The maximum size of insects is tightly constrained by their fundamental biology and atmospheric conditions. Regardless, some insects push these constraints to their absolute limit. Here I will talk about some of the largest living and extinct hexapods.
Continue reading to hear about each of these insects…
The largest insect ever:
Meganeuropsis sp. (Protodonata)
2.5+ foot (72 cm) wingspan.
Meganeuropsis fossils. The left photo is superimposed with modern dragonflies with 4 inch wingspans. Photos by Ghedoghedo and Mark Sloan of Harvard Museum of Natural History.
Meganeuropsis lived during the Permian period, 248 to 290 mya. It belongs to the extinct order of griffinflies (Protodonata), related to dragonflies. Meganeuropsis grew to a wingspan of at least 2.5 feet. It is hypothesized that this animal could have weighed upwards of a pound. The largest modern relative of Meganeuropsis is the dragonfly Megaloprepus caerulatus, which can attain a comparatively meager wingspan of 7.5 inches, or 19 cm. There is some debate regarding how this flying insect was able to overcome physiological limitations to attain such great size. Discussion of this topic demands its own post in the future.
The longest modern insect:
Chan’s Mega-stick Insect, Phobaeticus chani (Phasmida)
14.1 inches (35.8 cm) head to tail, 22.3 inches (56.7cm) including legs.
Photos: London NHM.
This stick insect was recently discovered in a private collection from the rain forests of Borneo, in 2008. It beat the previous record holder for longest insect, Phobaeticus serratipes, by about half an inch. Little is know about the ecology of P. chani as there are only three existing specimens, but it probably lives high in the jungle canopy. One bizarre feature of this animal is that its eggs have wing-like protrusions, possibly used for wind dispersal after being laid. Read more about P. chani, and watch a video, at the London Natural History Museum Website.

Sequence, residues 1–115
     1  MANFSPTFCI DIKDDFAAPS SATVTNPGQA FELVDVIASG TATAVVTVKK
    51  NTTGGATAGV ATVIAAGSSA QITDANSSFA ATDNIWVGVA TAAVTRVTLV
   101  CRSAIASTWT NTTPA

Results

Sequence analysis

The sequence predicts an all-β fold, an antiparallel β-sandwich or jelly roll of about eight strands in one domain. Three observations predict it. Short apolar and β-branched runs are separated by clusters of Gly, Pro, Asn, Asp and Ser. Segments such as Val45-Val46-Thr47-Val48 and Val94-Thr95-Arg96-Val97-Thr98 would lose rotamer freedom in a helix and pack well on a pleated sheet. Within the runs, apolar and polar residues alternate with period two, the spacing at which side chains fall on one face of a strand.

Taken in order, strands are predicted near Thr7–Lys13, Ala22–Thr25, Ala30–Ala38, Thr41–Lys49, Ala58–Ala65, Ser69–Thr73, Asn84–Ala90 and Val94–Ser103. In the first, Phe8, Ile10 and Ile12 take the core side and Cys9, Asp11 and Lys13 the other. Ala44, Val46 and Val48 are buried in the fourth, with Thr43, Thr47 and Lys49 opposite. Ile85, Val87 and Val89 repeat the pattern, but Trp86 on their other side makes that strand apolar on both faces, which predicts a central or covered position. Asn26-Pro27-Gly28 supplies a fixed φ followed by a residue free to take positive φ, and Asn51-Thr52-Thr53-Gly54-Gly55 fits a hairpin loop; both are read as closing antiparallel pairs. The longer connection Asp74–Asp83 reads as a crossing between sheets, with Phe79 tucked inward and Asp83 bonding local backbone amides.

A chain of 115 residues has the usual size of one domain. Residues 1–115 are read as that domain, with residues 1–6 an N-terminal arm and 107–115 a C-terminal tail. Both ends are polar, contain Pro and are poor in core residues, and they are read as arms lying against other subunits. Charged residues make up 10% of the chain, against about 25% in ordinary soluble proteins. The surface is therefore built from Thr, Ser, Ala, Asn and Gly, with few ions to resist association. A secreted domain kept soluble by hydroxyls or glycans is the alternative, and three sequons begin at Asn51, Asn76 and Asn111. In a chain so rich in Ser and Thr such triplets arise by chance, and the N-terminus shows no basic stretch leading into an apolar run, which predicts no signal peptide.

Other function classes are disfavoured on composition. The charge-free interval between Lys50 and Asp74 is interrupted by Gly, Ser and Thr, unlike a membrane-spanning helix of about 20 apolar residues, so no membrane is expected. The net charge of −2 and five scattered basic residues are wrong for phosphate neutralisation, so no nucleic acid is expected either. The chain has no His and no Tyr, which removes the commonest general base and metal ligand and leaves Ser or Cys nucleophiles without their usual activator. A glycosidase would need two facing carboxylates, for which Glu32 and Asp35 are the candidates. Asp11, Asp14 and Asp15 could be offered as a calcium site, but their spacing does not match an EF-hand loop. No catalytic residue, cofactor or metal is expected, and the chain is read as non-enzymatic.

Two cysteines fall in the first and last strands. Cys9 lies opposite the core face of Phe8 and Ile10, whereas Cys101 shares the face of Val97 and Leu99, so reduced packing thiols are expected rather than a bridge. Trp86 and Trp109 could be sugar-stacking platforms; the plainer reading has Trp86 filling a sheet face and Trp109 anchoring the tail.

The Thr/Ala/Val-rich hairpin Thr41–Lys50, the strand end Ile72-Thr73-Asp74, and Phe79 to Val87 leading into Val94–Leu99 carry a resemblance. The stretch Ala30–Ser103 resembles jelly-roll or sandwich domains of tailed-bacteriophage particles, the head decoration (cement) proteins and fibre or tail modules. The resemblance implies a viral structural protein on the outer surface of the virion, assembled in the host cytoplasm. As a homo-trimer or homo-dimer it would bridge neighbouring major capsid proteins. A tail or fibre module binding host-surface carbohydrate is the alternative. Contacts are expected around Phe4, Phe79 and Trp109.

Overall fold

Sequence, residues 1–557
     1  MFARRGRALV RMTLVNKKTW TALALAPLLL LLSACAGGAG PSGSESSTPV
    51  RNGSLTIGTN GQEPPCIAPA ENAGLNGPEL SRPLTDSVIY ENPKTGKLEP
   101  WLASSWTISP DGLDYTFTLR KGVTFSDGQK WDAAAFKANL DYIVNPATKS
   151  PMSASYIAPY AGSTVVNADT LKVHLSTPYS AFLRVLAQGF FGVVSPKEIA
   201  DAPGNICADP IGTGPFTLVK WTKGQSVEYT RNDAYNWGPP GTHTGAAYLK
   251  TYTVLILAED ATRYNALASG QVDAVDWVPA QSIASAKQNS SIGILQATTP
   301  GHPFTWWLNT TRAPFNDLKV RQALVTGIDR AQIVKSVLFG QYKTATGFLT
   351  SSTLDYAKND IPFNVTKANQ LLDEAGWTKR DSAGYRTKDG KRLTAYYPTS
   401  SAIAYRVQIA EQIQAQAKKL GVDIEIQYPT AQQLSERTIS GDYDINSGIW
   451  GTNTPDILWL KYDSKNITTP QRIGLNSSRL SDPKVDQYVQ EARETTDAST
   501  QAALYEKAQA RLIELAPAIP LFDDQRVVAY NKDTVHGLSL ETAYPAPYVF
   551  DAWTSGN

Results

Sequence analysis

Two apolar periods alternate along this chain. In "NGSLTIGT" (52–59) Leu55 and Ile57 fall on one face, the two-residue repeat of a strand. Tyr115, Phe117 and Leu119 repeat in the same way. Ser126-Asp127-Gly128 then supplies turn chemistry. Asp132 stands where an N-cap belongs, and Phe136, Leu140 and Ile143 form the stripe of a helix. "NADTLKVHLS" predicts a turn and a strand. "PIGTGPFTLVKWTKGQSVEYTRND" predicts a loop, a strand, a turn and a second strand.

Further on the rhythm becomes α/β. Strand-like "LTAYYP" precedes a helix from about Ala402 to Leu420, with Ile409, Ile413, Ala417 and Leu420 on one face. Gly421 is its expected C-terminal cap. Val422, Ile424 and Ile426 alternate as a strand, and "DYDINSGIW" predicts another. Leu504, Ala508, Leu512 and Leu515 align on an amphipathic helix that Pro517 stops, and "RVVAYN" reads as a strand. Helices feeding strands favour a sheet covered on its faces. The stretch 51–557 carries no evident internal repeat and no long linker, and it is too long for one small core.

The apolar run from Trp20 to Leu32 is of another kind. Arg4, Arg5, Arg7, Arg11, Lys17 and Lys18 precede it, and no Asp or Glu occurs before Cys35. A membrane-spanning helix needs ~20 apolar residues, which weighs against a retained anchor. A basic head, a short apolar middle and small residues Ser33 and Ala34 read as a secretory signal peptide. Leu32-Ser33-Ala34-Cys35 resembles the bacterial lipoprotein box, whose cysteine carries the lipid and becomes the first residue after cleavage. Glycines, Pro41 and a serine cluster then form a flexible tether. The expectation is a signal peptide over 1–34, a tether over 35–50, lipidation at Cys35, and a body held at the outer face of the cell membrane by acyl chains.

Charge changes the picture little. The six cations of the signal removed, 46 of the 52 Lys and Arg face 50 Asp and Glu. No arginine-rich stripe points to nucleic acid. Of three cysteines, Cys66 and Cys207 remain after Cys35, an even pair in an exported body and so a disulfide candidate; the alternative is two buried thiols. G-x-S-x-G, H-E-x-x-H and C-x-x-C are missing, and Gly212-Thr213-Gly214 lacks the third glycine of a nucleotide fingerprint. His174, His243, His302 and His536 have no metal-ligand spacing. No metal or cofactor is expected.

The heaviest modern insects
This category is surprisingly contentious, with several species competing for the title of Largest Insect. Let’s take a look at all of the claimants.
Giant Wetas, related to crickets, are found primarily on islands surrounding New Zealand. The large size of these animals is a great example of island giganticism. The heaviest recorded weta is the Little Barrier Island Giant Weta, Deinacrida heteracantha, at 71 grams. However, this weight comes with a caveat in that it was measured form a captive, unmated, extremely gravid female, carrying a full brood of developed eggs. Without eggs, these giant wetas only reach about 35 grams.
The true, but mostly unconfirmed, contenders for heaviest insect are all beetles (Coleopterans):
Size comparison of the worlds largest known beetles. The ghosted 9+ inch titan beetle on the left is only reported anecdotally. Figure adapted from Williams, 2001.
-Goliath Beetle, Goliathus goliatus (Coleoptera)
Adult: 4.3 inches (11 cm), 1.5+ ounces (42+ grams)
Larva: 5 inches (13 cm), 4.1 ounces (115 grams)
The adult male Goliath Beetle gets big, but its own larval grub form boasts the greatest bulk. Learn more about these African Scarabs here. If you wish to have your own cuddly Goliath grub, there is also a breeding guide.
Despite the size of gravid Giant Wetas and Goliath Grubs, there is another poorly understood contender from the Amazon. The Titan Beetle grows to at least 6.5 inches in length (one report from from 1874 puts it at 9 inches, but may have included the animal’s antenna). After pupating, the adult Titan Beetle starts to die. It doesn’t eat, and instead searches relentlessly for a mate. The larval form of the Titan Beetle has never been found. It is hypothesized to live in wood and take years to mature to adulthood. Bore holes, possibly made by the Titan Beetle grub, have been found to be two inches in diameter, and could have housed a grub a foot in length.
If you have Real Player, you can watch the segment on the Titan Beetle from “Life in the Undergrowth” here.
Moffett, M. W. 1991. Wetas – New Zealand’s insect giants. National Geographic, 180(5): 100-105.
Walker, T. J. 2001. University of Florida Book of Insect Records, 2001. http://entomology.ifas.ufl.edu/walker/ufbir/.